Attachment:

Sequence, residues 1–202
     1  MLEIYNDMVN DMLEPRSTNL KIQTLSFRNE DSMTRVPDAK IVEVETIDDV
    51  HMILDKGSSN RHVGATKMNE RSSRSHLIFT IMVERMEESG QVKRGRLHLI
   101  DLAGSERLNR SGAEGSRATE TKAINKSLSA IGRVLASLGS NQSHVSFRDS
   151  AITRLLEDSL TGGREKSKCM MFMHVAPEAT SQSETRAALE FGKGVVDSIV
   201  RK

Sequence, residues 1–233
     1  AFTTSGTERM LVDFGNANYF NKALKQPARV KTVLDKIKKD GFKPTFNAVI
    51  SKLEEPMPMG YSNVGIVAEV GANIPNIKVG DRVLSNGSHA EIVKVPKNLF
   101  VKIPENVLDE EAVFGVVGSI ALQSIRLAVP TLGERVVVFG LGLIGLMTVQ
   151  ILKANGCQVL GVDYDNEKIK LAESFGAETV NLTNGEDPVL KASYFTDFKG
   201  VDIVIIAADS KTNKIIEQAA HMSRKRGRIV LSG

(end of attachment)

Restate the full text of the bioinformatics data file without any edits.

Sequence, residues 1–202
     1  MLEIYNDMVN DMLEPRSTNL KIQTLSFRNE DSMTRVPDAK IVEVETIDDV
    51  HMILDKGSSN RHVGATKMNE RSSRSHLIFT IMVERMEESG QVKRGRLHLI
   101  DLAGSERLNR SGAEGSRATE TKAINKSLSA IGRVLASLGS NQSHVSFRDS
   151  AITRLLEDSL TGGREKSKCM MFMHVAPEAT SQSETRAALE FGKGVVDSIV
   201  RK

Sequence, residues 1–233
     1  AFTTSGTERM LVDFGNANYF NKALKQPARV KTVLDKIKKD GFKPTFNAVI
    51  SKLEEPMPMG YSNVGIVAEV GANIPNIKVG DRVLSNGSHA EIVKVPKNLF
   101  VKIPENVLDE EAVFGVVGSI ALQSIRLAVP TLGERVVVFG LGLIGLMTVQ
   151  ILKANGCQVL GVDYDNEKIK LAESFGAETV NLTNGEDPVL KASYFTDFKG
   201  VDIVIIAADS KTNKIIEQAA HMSRKRGRIV LSG